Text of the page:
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# d3d matrix question

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please look at the picture: Now in the top left screen I have a simple scene (ball and grid) and the ball moves arround some using two matrix transformations. I included a form that displays the data (top right). As you can see the ball''s world transformation is a rotate (y axis) and a translation (x,z) (it is based on sin/cos of tickcount). I wanted to see what the whole scene looked like (inc camera). So I made a duplicate, added the camea object and made another data window (this time set up to display the camera''s world transformation matrix). Note that the ball uses the same transformation as the top one. (the view in bottom left you see now is from (3, 1, 0) so you look to the negative x axis, positive z is right) The camera object is a simple cube with an extra line to indicate positive z axis. The camera''s world transform is the view transform of the top view, so I figured it would represent the camera''s position in 3d space. It allmost fully checks out. the camera is at (0, 0, 1) which is correct with respect to it''s transformation matrix. But take a closer look at the camera, according to the perspective view, the camera is looking away from the ball. But in the world view the ball is visible! after some animation it becomes apparent that the view is actually consistent with a camera at position (0,0,-1)? how can this be? I have moved the camera to various other places and it doesn''t make any sense... it there someting I am missing here? Does DX do something to the view transform matrix before it apply''s it to the geometry?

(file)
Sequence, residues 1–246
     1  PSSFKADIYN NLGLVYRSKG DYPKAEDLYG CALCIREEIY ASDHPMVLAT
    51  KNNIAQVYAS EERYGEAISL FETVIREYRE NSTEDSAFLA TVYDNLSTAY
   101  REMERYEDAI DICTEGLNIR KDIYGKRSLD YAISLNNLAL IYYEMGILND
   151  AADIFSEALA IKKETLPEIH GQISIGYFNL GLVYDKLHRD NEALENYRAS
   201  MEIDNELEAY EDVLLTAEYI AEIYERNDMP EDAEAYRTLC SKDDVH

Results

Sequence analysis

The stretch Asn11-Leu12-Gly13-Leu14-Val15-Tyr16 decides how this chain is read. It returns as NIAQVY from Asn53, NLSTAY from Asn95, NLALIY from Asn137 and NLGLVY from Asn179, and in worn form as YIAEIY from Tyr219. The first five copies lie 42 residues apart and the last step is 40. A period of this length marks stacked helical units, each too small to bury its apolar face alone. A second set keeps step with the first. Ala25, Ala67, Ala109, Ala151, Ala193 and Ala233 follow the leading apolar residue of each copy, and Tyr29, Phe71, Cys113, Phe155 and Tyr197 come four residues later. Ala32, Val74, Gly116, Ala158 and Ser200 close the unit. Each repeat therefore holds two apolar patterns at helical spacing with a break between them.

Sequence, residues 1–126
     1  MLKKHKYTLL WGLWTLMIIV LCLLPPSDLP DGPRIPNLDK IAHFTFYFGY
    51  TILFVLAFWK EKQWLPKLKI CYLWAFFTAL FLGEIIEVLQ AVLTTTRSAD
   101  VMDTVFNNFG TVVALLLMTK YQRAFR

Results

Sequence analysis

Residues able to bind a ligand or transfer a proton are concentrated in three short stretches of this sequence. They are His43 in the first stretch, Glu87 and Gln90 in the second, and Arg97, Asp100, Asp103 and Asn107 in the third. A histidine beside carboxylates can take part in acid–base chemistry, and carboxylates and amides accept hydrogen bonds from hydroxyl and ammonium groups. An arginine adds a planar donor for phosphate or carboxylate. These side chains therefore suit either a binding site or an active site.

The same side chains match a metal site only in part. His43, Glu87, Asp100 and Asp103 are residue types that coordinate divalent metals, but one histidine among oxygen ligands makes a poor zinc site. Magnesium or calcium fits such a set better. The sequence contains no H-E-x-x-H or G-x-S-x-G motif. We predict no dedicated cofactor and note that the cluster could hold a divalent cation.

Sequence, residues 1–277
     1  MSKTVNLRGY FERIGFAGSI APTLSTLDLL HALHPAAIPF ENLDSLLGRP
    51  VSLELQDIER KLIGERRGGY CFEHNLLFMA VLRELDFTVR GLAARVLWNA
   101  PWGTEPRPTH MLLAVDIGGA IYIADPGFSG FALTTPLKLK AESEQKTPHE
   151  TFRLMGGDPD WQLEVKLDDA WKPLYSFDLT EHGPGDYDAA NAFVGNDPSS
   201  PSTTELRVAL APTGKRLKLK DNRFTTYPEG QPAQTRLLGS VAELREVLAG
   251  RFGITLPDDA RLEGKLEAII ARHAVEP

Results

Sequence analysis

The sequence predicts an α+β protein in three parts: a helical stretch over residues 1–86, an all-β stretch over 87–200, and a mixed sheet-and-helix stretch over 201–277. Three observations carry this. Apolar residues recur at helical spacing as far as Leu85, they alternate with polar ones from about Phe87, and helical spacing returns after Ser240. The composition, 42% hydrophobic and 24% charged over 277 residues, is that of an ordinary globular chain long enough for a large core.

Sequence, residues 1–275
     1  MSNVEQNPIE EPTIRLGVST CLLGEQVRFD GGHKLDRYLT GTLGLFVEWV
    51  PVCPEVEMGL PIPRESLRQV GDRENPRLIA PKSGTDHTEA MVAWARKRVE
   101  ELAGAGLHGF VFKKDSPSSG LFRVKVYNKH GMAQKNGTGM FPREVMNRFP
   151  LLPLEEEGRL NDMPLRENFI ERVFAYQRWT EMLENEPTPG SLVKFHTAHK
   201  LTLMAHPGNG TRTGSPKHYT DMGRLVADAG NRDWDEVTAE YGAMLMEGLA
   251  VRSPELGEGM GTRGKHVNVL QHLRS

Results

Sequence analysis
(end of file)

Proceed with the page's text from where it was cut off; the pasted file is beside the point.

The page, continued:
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The view matrix is the inverse of the camera position/rotation matrix.

ie: If your camera was at 0,0,20, your viewmatrix would contain 0,0,-20. If you rotate your camera clockwise, your viewmatrix would contain a counterclockwise rotation.

Why is it backwards? How does it work mathematically?

Imagine you have a point at 0,0,30, and your camera at 0,0,20. The viewmatrix will have 0,0,-20. Consider what happens when you multiply your vertex that matrix... 0,0,30 becomes 0,0,10. Using the inverse of the camera position/rotation creates a matrix that moves vectors to be relative to the camera.

I know this description isn''t the best, but I hope you get the idea.

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Think of it like this, perspective transforms don''t move the camera, they move the world. That''s why you need to apply inverse camera motion. The camera is always locked in position and orientation, you apply perspective transforms to move the world around it.

If the camera is pointed at an object and you want to back the camera away you would apply a forward motion perspective transform because you arn''t moving the camera forward, you are moving the world forward, away from the camera.

Make sense?

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Thanks you lot... its working fine now

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